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The chestnut moray, or panamic green moray (Gymnothorax castaneus) is a common and widespread species of moray eel (family Muraenidae) native to in the subtropical and tropical eastern Pacific waters from the gulf of California to Ecuador and archipelagos including the Cocos Islands and the Galapagos. A robust fish, it grows to about 1.5 meters (4.5 feet) long. Gymnothorax castaneus inhabits holes and crevices in rocky reef environments up to 35 meters (100 feet) deep, though the very dark colored juveniles sometimes live in mangrove swamps. The chestnut moray is identifiable by its green brown color and white flecking on the dark dorsal fin (Discover Life 2015). An aggressive carnivore, the chestnut moray feeds in the open at night on small fish and mobile invertebrates such as crustaceans, octopus and squid. Like most morays, during the day it usually stays with its body concealed in a shelter, often protruding its head from the hole (McCosker and Béarez 2010).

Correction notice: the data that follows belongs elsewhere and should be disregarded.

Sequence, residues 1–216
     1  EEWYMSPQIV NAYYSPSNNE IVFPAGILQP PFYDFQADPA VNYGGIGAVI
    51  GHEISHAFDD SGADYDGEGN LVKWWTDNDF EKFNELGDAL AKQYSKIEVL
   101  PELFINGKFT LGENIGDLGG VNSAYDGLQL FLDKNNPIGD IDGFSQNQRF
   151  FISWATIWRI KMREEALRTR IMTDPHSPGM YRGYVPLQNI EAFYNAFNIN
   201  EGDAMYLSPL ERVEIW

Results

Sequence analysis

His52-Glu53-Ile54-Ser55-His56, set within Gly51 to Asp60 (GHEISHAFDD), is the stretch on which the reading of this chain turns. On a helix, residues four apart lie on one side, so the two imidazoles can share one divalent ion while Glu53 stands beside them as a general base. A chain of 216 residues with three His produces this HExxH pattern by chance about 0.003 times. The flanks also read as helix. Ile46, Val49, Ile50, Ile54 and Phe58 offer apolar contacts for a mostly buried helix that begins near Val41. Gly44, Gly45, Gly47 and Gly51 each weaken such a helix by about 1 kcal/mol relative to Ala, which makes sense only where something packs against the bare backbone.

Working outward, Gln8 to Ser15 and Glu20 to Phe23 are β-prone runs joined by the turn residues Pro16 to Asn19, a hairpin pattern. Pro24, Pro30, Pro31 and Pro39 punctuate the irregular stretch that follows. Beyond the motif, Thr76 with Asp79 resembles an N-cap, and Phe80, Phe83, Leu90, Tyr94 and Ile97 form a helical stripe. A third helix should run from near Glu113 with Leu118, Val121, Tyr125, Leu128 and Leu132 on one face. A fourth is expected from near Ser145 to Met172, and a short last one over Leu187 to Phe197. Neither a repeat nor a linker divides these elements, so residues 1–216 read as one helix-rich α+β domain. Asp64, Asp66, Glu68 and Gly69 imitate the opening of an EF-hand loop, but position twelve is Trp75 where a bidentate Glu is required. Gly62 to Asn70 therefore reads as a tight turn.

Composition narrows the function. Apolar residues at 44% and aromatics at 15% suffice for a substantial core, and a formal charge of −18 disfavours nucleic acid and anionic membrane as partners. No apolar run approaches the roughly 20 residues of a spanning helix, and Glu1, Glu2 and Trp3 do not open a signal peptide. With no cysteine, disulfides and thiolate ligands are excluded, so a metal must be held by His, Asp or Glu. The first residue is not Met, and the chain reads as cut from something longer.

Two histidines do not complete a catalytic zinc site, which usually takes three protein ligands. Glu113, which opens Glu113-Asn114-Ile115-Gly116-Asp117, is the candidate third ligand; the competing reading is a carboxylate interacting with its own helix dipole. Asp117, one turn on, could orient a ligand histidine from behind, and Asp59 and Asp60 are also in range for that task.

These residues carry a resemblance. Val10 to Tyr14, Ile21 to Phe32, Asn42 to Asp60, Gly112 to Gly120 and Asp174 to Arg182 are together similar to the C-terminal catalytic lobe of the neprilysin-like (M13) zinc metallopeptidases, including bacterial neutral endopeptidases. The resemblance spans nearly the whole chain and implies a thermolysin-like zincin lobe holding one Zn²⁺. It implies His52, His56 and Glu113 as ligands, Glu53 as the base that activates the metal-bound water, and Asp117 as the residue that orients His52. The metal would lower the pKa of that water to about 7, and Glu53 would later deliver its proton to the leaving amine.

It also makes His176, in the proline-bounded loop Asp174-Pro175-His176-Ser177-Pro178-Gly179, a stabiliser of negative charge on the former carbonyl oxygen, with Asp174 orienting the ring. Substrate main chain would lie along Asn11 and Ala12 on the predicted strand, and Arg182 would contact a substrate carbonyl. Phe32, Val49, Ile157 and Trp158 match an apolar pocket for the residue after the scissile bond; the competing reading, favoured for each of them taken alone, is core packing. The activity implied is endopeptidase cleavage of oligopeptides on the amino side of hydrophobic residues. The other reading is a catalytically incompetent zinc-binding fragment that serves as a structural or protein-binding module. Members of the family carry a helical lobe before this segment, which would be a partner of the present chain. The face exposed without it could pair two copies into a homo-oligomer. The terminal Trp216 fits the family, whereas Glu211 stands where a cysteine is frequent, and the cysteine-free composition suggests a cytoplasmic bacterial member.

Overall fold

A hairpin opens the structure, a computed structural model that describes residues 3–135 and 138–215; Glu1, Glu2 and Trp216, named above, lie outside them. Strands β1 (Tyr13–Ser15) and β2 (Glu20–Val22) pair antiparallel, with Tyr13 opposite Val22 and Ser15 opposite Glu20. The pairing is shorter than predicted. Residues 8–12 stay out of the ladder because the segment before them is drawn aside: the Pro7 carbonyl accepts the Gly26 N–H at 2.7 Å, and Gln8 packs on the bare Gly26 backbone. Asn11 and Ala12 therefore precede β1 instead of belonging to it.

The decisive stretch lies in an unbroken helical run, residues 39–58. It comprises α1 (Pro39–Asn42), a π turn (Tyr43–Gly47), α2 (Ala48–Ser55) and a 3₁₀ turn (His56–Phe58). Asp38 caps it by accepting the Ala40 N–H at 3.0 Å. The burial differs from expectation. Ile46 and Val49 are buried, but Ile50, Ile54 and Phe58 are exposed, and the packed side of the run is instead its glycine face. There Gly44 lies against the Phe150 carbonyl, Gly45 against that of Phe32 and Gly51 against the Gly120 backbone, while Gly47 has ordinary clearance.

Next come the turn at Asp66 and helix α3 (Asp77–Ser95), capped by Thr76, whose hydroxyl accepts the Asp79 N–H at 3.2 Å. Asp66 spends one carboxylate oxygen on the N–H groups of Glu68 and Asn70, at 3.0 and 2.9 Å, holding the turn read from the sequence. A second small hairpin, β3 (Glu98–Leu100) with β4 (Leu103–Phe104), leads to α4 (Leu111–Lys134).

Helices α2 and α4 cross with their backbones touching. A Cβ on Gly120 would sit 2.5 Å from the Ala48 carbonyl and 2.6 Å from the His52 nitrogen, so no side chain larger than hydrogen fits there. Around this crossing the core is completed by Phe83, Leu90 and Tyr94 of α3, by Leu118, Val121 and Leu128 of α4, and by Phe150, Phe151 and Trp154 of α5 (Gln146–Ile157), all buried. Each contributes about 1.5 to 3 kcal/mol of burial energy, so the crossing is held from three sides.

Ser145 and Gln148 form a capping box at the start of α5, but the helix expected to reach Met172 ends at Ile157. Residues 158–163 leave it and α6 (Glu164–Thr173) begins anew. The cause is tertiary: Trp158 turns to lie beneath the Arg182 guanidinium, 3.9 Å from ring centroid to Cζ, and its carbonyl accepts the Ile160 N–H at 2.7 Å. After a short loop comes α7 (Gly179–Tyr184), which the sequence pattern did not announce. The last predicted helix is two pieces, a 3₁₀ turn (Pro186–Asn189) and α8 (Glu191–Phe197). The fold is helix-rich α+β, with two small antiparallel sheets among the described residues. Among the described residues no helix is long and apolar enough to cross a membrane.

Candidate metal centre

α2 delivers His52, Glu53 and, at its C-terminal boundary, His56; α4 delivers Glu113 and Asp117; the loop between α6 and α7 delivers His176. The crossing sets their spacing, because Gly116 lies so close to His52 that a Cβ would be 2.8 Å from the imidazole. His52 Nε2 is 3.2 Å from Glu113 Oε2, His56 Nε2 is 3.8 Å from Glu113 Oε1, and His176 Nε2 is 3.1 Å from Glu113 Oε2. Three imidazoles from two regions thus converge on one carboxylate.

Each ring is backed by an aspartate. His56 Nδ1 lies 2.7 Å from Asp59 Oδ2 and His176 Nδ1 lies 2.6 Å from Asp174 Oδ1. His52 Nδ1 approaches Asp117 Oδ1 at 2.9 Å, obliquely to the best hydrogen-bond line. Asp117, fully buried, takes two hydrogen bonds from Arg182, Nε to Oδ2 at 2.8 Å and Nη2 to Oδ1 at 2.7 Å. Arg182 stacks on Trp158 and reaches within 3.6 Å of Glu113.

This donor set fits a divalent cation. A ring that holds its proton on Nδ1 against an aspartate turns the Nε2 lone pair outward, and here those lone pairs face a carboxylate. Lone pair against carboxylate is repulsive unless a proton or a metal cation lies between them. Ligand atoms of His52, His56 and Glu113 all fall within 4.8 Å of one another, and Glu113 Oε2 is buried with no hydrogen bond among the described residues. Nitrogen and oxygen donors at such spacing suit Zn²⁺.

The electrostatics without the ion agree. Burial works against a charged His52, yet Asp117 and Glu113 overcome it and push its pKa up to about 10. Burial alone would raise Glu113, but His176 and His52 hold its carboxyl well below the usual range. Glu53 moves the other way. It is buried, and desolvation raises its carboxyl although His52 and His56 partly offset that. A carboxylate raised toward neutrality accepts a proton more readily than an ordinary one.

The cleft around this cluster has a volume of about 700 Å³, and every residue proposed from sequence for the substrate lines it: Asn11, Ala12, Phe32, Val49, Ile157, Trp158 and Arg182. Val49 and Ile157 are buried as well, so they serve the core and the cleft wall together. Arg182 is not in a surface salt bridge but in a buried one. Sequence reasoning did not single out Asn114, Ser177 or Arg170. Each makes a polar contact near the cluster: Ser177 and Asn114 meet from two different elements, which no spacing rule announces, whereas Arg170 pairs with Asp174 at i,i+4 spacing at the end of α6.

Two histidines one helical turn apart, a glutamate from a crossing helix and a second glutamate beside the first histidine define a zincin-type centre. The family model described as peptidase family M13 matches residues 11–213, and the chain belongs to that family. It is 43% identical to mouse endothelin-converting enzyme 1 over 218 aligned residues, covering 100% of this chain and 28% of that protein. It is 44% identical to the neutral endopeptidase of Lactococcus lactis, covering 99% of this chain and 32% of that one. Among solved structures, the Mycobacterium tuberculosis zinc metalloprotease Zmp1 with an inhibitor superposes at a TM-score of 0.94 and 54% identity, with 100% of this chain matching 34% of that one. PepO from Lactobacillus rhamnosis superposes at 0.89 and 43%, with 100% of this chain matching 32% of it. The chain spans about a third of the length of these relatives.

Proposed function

Moray eels have been documented as a primary “nuclear fish” species, i.e. disruptive feeders that scatter remains or flush out food sources, and in so doing attract opportunistic heterospecifics. In the Sea of Cortez, Strand (1988) observed that chestnut morays, no matter what their activity, are consistently trailed by multiple opportunistic followers of several species, for periods of time considerably longer than trailing fish followed any other “nuclear fish.” These feeding associations sometimes involve fish with diets overlapping that of G. castaneus, causing occasional aggression between moray and followers (Strand 1988).